If I'm cooking, say...pasta, and standing there stirring it, I sort of visualize myself knocking the pot off the stove and splashing myself in the face with boiling water.

I figure if it is insanity, at least it makes me grip the railing tighter, drive cautiously, and make sure the handles on my pots aren't hanging off the edge of the stove.

To answer your questions: No I don't think it's weird. Yes, I experience something like you do. I have no idea what it is or means (if I had to guess for me, it's a tendency to worry paired with brain static). I wouldn't worry about it.
posted by AlisonM at 10:24 PM on January 19, 2009

OH! And once I actually did fall down a flight of stairs. As I approached them (they were in a hotel, it was a small 5-step flight of stairs), I sort of unconsciously thought (yes I know that makes no sense), "I hope I don't fall down these stairs! But I'm totally going to." As I fell, I thought, "I hope no one sees me!" And then I got up and walked away, almost as if it were a non-event. I mean, I was expecting it and everything.
posted by AlisonM at 10:27 PM on January 19, 2009 [3 favorites]

yup. I get that. I don't watch horror movies at all, because they make it worse. On the other hand, and this is the odd part, I work on a lot of horror films, and am weirdly good at making digital gore and gross stuff; I guess I sort of turn it to my advantage.
posted by 5_13_23_42_69_666 at 12:56 AM on January 20, 2009

Civil_Disobedient: I used to think when I was a little kid that if I could imagine something gruesome I got automatic immunity from it. Thus I would spend many nights going over all sorts of fantastical ways to shake off the mortal coil.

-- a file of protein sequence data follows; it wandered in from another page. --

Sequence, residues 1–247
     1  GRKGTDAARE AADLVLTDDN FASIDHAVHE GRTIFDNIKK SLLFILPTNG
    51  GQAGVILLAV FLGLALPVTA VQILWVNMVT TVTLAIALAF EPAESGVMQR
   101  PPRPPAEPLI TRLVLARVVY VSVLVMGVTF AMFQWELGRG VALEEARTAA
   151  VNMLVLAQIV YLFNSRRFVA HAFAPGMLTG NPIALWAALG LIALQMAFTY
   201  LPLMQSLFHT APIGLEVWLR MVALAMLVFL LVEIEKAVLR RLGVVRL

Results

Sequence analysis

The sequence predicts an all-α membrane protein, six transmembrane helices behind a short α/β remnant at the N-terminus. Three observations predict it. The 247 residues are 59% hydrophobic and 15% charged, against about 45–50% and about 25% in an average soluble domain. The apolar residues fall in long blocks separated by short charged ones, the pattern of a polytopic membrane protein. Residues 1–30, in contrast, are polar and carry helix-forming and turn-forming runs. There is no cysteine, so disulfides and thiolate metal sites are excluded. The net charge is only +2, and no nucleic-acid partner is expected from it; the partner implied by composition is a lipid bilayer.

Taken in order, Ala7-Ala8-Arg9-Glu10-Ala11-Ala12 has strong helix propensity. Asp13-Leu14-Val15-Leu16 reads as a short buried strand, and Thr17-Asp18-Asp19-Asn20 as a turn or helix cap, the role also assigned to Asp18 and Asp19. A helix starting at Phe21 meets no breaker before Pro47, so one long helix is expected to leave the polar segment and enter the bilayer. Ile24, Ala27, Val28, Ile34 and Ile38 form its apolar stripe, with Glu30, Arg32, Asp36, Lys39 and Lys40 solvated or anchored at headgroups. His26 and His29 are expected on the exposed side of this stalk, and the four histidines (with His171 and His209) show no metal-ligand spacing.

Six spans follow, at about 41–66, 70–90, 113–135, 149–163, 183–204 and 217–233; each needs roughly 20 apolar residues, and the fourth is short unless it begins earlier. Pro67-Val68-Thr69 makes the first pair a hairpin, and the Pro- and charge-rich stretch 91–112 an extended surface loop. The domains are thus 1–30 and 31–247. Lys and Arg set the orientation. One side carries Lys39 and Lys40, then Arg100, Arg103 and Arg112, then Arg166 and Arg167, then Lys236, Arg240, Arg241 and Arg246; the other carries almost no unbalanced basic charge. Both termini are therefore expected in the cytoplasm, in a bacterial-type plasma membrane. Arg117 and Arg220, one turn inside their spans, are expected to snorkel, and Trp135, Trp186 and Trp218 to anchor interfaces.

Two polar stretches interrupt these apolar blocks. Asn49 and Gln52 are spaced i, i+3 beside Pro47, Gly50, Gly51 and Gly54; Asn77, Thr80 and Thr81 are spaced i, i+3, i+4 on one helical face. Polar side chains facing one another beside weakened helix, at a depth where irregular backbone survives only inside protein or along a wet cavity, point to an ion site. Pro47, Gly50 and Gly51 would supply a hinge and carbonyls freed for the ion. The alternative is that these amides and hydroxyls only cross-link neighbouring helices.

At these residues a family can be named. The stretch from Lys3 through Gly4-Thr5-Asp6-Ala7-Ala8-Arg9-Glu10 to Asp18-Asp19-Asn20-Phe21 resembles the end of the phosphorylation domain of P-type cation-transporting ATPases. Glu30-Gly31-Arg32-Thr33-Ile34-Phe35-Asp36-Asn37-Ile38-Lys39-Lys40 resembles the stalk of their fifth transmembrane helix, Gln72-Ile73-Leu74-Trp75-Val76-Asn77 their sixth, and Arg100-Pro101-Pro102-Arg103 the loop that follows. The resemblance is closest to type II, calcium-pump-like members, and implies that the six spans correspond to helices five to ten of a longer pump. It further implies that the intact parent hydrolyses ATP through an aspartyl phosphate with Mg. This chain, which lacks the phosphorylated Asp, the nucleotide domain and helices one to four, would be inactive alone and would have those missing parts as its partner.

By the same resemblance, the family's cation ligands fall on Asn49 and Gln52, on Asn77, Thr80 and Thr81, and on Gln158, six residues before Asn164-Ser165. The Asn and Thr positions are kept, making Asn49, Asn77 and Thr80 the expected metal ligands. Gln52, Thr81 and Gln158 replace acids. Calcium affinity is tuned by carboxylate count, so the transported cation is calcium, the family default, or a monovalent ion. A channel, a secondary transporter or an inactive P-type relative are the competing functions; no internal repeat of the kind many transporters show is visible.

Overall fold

Oh good grief, me too. Now it's confined to involuntary images just as I'm dropping off to sleep - not pleasant but I can handle it. Thanks for posting this OP.
posted by ceri richard at 2:25 AM on January 20, 2009

Normal insanity. Not be confused with abnormal sanity, like that weirdo up thread. You're fine.

I had a very weird thing similar for years. The thought would pop in to my head for no reason at all, that I wanted to go to Egypt. WTF? No reason why I would be interested in that place (no obsession over their antiquities, although they are cool). But it would pop into my head, almost to the point I wanted to say it (ha, often while alone).

The other gorey/violent notions happen to me. Look, I can jump off here, and end it all! What if I sliced my neck open with this knife? Wouldn't it be amusing to kick that kid into next year? This thing looks valuable. Should I see what happens if I smash it?

That last thing is the one that gets to me, oddly enough. It is not about the thing being smashed at all. It is about destroying someone else's precious thing. It is not a wish to do it. It is the thought that such a thing is possible. It is something that is extremely the opposite of my sentimental nature. I think I am fascinated by the phenomenon of sentimentality itself.